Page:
In contrast to the Tibetans, the Andean highlanders, who have been living at high altitudes for no more than 11,000 years, show different pattern of haemoglobin adaptation. Their haemoglobin concentration is higher compared to those of lowlander population, which also happens to lowlanders moving to high altitude. When they spend some weeks in the lowland their haemoglobin drops to average of other people. This shows only temporary and reversible acclimatisation. However, in contrast to lowland people, they do have increased oxygen level in their haemoglobin, that is, more oxygen per blood volume than other people. This confers an ability to carry more oxygen in each red blood cell, making a more effective transport of oxygen in their body, while their breathing is essentially at the same rate.  This enables them to overcome hypoxia and normally reproduce without risk of death for the mother or baby. The Andean highlanders are known from the 16th-century missionaries that their reproduction had always been normal, without any effect in the giving birth or the risk for early pregnancy loss, which are common to hypoxic stress.  They have developmentally acquired enlarged residual lung volume and its associated increase in alveolar area, which are supplemented with increased tissue thickness and moderate increase in red blood cells. Though the physical growth in body size is delayed, growth in lung volumes is accelerated.  An incomplete adaptation such as elevated haemoglobin levels still leaves them at risk for mountain sickness with old age.
Among the Quechua people of the Altiplano, there is a significant variation in NOS3 (the gene encoding endothelial nitric oxide synthase, eNOS), which is associated with higher levels of nitric oxide in high altitude.  Nuñoa children of Quechua ancestry exhibit higher blood-oxygen content (91.3) and lower heart rate (84.8) than their counterpart school children of different ethnicity, who have an average of 89.9 blood-oxygen and 88–91 heart rate.  High-altitude born and bred females of Quechua origins have comparatively enlarged lung volume for increased respiration.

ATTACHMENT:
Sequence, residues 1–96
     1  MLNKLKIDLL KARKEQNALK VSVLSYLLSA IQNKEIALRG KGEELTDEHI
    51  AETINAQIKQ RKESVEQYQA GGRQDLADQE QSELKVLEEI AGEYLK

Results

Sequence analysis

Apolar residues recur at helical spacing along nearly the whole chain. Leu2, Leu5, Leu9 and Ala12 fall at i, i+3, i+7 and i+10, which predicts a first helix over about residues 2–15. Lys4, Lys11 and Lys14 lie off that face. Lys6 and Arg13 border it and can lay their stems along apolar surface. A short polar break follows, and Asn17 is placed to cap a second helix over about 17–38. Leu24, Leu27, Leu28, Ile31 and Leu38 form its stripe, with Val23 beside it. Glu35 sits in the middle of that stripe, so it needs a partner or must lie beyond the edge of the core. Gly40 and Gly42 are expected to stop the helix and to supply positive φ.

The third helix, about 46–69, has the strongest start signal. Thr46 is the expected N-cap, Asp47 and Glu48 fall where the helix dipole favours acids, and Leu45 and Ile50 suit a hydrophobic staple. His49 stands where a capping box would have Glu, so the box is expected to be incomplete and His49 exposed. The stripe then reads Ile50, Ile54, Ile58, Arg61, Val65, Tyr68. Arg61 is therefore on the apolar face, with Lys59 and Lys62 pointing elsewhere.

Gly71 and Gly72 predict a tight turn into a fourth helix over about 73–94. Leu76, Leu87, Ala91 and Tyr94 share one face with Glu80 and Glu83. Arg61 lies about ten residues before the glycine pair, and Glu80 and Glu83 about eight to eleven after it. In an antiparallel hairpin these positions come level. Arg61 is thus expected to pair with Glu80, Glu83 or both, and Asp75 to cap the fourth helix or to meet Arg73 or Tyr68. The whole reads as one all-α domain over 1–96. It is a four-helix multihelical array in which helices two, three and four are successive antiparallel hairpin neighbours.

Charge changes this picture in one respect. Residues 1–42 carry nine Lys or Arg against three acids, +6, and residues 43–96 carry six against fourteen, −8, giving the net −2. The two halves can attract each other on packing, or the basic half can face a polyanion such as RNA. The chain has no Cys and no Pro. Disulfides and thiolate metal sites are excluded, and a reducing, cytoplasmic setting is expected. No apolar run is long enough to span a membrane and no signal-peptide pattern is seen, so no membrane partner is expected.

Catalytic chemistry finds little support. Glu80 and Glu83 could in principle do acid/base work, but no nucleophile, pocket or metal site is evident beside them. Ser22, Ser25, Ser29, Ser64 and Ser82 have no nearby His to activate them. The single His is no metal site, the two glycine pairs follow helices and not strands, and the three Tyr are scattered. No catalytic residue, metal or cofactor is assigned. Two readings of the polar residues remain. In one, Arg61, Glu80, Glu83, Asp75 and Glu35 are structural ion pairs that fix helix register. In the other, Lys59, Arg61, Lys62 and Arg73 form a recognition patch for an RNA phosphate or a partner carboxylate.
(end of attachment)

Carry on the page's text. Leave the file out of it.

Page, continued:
Blood profile comparisons show that among the Andeans, Aymaran highlanders are better adapted to highlands than the Quechuas.   Among the Bolivian Aymara people, the resting ventilation and hypoxic ventilatory response were quite low (roughly 1.5 times lower), in contrast to those of the Tibetans. The intrapopulation genetic variation was relatively less among the Aymara people.   Moreover, when compared to Tibetans, the blood haemoglobin level at high altitudes among Aymarans is notably higher, with an average of 19.2 g/dl for males and 17.8 g/dl for females.  Among the different native highlander populations, the underlying physiological responses to adaptation are quite different. For example, among four quantitative features, such as are resting ventilation, hypoxic ventilatory response, oxygen saturation, and haemoglobin concentration, the levels of variations are significantly different between the Tibetans and the Aymaras.  Methylation also influences oxygenation.